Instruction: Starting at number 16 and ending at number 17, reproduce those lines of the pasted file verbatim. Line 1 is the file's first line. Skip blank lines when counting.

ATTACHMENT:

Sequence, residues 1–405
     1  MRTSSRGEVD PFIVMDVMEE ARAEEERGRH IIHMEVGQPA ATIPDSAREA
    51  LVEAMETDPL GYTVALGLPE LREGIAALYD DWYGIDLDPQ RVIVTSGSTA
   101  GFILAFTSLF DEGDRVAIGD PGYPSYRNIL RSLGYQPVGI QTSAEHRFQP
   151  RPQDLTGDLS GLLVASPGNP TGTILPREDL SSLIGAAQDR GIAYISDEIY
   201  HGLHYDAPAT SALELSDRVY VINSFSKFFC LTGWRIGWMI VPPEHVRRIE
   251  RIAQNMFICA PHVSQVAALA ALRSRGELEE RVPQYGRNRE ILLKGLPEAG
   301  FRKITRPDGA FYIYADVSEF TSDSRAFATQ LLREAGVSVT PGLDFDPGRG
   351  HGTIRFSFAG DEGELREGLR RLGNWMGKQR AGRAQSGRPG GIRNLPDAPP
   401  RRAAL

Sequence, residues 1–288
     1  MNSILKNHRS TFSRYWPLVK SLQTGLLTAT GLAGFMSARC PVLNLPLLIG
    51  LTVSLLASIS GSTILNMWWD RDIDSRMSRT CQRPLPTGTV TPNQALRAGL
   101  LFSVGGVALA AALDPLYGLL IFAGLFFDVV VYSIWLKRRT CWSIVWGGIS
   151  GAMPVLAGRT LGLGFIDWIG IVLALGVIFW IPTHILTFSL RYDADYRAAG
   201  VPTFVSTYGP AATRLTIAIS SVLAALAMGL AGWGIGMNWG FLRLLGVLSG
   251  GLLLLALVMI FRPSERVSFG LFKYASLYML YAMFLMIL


   201  VPTFVSTYGP AATRLTIAIS SVLAALAMGL AGWGIGMNWG FLRLLGVLSG
   251  GLLLLALVMI FRPSERVSFG LFKYASLYML YAMFLMIL